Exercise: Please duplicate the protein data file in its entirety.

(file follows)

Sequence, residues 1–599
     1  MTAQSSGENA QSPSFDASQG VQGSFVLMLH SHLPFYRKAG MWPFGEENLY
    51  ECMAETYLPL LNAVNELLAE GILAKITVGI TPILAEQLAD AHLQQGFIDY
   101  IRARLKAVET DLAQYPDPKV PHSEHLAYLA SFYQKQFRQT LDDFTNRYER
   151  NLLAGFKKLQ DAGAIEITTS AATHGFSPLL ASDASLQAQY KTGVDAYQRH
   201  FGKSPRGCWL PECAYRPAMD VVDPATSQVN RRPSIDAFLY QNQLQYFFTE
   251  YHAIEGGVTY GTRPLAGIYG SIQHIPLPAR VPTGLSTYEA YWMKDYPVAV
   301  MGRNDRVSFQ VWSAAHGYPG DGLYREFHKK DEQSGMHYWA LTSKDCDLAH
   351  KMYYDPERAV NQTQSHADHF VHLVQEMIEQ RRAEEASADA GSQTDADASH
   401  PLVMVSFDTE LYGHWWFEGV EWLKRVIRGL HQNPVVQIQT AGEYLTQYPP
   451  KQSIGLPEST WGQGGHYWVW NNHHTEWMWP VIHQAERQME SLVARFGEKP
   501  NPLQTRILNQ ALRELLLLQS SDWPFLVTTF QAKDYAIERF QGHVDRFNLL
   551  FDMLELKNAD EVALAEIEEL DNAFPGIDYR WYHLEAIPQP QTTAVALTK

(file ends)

Sequence, residues 1–599
     1  MTAQSSGENA QSPSFDASQG VQGSFVLMLH SHLPFYRKAG MWPFGEENLY
    51  ECMAETYLPL LNAVNELLAE GILAKITVGI TPILAEQLAD AHLQQGFIDY
   101  IRARLKAVET DLAQYPDPKV PHSEHLAYLA SFYQKQFRQT LDDFTNRYER
   151  NLLAGFKKLQ DAGAIEITTS AATHGFSPLL ASDASLQAQY KTGVDAYQRH
   201  FGKSPRGCWL PECAYRPAMD VVDPATSQVN RRPSIDAFLY QNQLQYFFTE
   251  YHAIEGGVTY GTRPLAGIYG SIQHIPLPAR VPTGLSTYEA YWMKDYPVAV
   301  MGRNDRVSFQ VWSAAHGYPG DGLYREFHKK DEQSGMHYWA LTSKDCDLAH
   351  KMYYDPERAV NQTQSHADHF VHLVQEMIEQ RRAEEASADA GSQTDADASH
   401  PLVMVSFDTE LYGHWWFEGV EWLKRVIRGL HQNPVVQIQT AGEYLTQYPP
   451  KQSIGLPEST WGQGGHYWVW NNHHTEWMWP VIHQAERQME SLVARFGEKP
   501  NPLQTRILNQ ALRELLLLQS SDWPFLVTTF QAKDYAIERF QGHVDRFNLL
   551  FDMLELKNAD EVALAEIEEL DNAFPGIDYR WYHLEAIPQP QTTAVALTK